My alcoholic father
My father’s skin was quite dark, but it still couldn’t hide the scars on the bridge of his nose and on his brow. He had big eyes with long lashes, but the whites of his eyes were yellow. Acquaintances said he had problem with his liver. They were right.
My father’s liver was gradually eroded during his life-long battle with alcohol.
I don’t know when and where my father took his first sip of alcohol or what drink it was. My mother told me the drinking started from the late 1970s, when he was left in Shanghai by his parents, who came to Hong Kong for a better life.
Without the guidance of his parents, my teenage father dropped out of school in the aftermath of the Cultural Revolution. He just drifted in society.
He was rich and rather trendy then, thanks to the money and clothes sent by his parents from Hong Kong. Wearing his long hair, with a pair of large sunglasses and well-tailored floral-pattern shirts, he strutted proudly on the streets. Sometimes, he carried a transistor radio - like a child showing off a new toy.
At night, he and his friends flocked to restaurants, eating, drinking, talking and flirting with girls - having fun and sometimes a drunken fight. My mother said my father’s favourite drink was Baijiu - the Chinese distilled liquor which generally contains over 50 per cent ethanol. He could drink half of a bottle at a time. His drinking abilities were envied by his friends.
I don’t know much about my father’s relationship with alcohol before I was born, but I do know about it afterwards. When I was 10 years old, my mother divorced my father because of his poverty and violence after he had been drinking. My father tried hard to take care of me and my sister, although he did not have a job. During the day, he was sober and cooked for us. But when the sun went down, my father would become trapped in a world of darkness.
In our narrow half-underground apartment, the air was so humid that mushrooms could grow. In the dim light, my father sat at the corner, against the old furniture he bought with my mother when they got married. He used a plastic cup filled with cheap rice wine. Alone, he would sip from the cup. The 21-inch television would be on and my father would begin to murmur. He was alone, although he had an invisible friend – a bottle of alcohol. I could hear my father talking to the bottle - discussing his glorious past, his unfaithful wife, his careless children and his inability to cope life.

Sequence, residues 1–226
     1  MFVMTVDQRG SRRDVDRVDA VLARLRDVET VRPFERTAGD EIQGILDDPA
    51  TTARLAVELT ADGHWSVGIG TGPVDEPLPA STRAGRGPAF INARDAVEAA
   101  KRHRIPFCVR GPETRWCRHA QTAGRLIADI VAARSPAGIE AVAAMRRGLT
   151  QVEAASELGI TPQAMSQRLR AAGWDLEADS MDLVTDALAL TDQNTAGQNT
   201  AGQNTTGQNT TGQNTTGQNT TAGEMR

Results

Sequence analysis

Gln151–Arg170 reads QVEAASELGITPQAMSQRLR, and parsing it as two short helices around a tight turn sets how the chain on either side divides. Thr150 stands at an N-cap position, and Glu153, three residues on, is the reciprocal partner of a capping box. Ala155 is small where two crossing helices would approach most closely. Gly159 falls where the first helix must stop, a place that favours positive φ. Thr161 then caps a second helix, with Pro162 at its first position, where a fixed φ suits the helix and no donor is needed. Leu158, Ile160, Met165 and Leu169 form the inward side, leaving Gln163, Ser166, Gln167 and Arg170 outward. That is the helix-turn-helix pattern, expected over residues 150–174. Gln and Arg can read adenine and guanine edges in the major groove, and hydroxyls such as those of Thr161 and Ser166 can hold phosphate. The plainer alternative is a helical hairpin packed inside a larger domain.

“Alcoholics use alcohol in an attempt to make peace with their sense of the relationship between past, present, and future,” Norman Denzin wrote in his book The Alcoholic Self.
I try to use the books on alcoholics to understand my father, but I find I can never fully comprehend him. I am like lots of other children who can never completely understand their parents either. What I do know is emptiness engulfed him; he could never escape, so he could never stop trying to escape through alcohol.
I moved out of my father’s apartment after I graduated from university. I wanted to live independently and escape his despair.
Last March, I got a call from my mother, saying my father was in hospital. I was not surprised, because he had fallen and been injured after drinking several times, leaving many scars. But I had not realised the seriousness of his condition until I went to the hospital. He had a cerebral haemorrhage.
The main blood vessel had exploded in my father’s brain, damaging 80 per cent of it. His chronic alcoholism had caused hypertension, which brought on an unexpected cerebral haemorrhage. The doctor said my father had died because his brain stopped functioning, but his heart still worked because of the drugs he had been given. Over the next three days, his organs died one by one: lungs, liver and kidneys. We watched the cardiograph fluctuating. Then my father passed away.
It made me question many of the things that had happened during his life. If only my grandparents hadn’t left my father? If only he hadn’t dropped out of school after the Cultural Revolution? If only he had had more job opportunities? If only he had been more positive about life? If only we had communicated with him more? If only we had realised alcoholism was so serious? If only there were more organisations treating alcoholism? If only there were better policies to restrict alcohol consumption and sales in China? My father’s life could have turned out differently. And many Chinese people who have also died from alcoholism could have been saved.
Last June, we found a good place to lay my dad to rest. We buried him in a peaceful countryside. I poured some Baijiu in front of his grave.